By Fred Pearce
January-March 2007 (Vol. 8, No. 1)
- What is “the myth of the pristine environment”?
- The article portrays disagreement, based on recent findings, over the degree of wildness in places like the Amazon. Could this be, in part, due to different views of what wild means? What are different definitions of “wild” that might concur with different views presented in the article?
- The author poses the question “how did scientists get things so wrong for so long?” Does the information in the article convince you that, in fact, scientists have been wrong? If so, what evidence do you find most compelling? If not, what further questions would you like answered?
- The author states that “by inadvertently wiping out the Indian populations, it was the Europeans who created the modern Amazon rainforest.” Do you think there were analogous historical situations in North America? What sort of evidence would you look for?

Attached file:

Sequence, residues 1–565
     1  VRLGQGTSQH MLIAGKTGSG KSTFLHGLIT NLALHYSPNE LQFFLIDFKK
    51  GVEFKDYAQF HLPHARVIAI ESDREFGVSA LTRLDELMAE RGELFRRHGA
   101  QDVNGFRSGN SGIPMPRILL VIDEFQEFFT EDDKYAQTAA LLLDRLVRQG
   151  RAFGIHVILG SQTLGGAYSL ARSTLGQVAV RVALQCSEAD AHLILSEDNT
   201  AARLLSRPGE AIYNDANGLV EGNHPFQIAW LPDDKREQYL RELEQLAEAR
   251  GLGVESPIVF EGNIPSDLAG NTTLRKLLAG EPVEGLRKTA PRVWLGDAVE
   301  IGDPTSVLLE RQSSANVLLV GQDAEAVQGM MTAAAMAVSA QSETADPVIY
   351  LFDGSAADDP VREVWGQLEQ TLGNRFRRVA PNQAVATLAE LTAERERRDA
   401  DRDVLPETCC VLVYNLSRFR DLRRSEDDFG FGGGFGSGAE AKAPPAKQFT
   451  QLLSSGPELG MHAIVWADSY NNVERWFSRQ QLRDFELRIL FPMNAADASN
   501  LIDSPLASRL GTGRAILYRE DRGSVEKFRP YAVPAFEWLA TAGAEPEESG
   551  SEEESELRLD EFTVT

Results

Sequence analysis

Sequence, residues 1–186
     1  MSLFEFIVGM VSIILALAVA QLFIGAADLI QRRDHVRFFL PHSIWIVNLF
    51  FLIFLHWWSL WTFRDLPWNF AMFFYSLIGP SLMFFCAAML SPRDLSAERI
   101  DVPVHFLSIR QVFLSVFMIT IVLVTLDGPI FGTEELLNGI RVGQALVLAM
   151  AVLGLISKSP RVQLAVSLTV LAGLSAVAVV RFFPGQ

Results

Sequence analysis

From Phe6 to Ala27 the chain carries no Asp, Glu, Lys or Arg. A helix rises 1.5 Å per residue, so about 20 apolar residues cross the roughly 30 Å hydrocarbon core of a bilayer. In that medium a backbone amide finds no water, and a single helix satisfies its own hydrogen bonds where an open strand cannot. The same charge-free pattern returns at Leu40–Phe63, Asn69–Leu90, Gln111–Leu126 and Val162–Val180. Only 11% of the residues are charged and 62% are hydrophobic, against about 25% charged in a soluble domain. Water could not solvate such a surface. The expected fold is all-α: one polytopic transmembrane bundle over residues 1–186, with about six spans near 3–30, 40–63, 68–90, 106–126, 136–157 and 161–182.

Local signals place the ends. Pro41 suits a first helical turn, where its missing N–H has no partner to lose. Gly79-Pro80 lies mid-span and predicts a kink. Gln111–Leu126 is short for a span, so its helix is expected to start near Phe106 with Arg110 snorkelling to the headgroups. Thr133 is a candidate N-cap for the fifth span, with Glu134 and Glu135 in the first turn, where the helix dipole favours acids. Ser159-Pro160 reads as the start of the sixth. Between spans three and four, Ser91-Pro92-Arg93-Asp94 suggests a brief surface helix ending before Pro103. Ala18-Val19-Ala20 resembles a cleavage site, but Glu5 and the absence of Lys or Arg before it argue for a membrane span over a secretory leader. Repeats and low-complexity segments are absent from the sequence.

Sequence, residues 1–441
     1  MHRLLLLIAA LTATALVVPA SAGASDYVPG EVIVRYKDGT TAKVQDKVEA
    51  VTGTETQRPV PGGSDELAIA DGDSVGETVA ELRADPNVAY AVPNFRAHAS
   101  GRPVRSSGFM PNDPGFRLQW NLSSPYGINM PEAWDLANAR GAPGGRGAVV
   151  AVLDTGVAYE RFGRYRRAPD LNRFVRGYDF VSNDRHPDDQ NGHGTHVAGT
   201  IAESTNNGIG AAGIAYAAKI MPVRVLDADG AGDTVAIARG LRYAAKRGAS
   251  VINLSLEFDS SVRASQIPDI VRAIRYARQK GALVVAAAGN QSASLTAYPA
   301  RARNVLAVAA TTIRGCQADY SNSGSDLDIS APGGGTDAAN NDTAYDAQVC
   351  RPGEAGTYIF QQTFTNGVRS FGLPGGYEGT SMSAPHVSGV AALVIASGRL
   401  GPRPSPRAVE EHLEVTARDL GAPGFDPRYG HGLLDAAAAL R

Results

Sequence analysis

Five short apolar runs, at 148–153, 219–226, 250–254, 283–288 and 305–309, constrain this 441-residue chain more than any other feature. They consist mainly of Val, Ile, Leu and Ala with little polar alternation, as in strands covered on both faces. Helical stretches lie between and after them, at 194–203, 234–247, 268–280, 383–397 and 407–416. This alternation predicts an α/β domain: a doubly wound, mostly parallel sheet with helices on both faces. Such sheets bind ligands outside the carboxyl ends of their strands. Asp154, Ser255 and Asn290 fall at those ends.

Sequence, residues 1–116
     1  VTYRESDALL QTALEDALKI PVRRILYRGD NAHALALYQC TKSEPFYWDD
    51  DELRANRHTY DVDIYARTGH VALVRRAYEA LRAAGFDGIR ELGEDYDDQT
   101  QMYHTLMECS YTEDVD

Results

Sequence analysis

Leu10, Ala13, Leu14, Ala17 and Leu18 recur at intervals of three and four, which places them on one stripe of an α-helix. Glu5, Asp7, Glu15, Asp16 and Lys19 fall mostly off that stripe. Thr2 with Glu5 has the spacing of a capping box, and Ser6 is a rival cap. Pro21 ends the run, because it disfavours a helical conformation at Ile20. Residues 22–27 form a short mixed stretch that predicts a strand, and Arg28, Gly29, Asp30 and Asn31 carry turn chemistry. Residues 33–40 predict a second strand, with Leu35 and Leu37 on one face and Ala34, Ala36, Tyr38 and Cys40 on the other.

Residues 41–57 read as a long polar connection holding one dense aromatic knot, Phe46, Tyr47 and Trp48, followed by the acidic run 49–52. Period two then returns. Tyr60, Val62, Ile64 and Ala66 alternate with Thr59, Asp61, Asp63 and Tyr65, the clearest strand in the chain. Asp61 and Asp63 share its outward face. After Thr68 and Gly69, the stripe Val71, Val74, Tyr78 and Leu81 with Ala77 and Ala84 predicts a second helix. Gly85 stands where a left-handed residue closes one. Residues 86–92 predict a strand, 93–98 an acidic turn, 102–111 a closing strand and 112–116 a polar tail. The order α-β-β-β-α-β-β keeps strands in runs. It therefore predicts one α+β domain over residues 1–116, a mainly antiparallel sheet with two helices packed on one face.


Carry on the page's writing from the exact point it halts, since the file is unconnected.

- If there are no pristine environments, what should conservation biologists use as ecological benchmarks when making management decisions?
Websites for Further Information
- Michael Heckenberger
- Gatherings: journal of the international community for ecopsychology: http://www.ecopsychology.org/journal/ezine/wildness.html
- Fish weirs in the Amazon
- Denevan, W.M. 1992. The pristine myth: the landscape of the Americas in 1492. Annals of the Association of American Geographers 82: 369-385.
- Erickson, C.L. 2000. An artificial landscape-scale fishery in the Bolivian Amazon. Nature 408: 190-193.
- Glaser B., J. Lehmann , and W. Zech. 2002. Ameliorating physical and chemical properties of highly weathered soils in the tropics with charcoal—a review. Biology and Fertility of Soils 35: 219-230.
- Historical ecology
- “The pristine myth”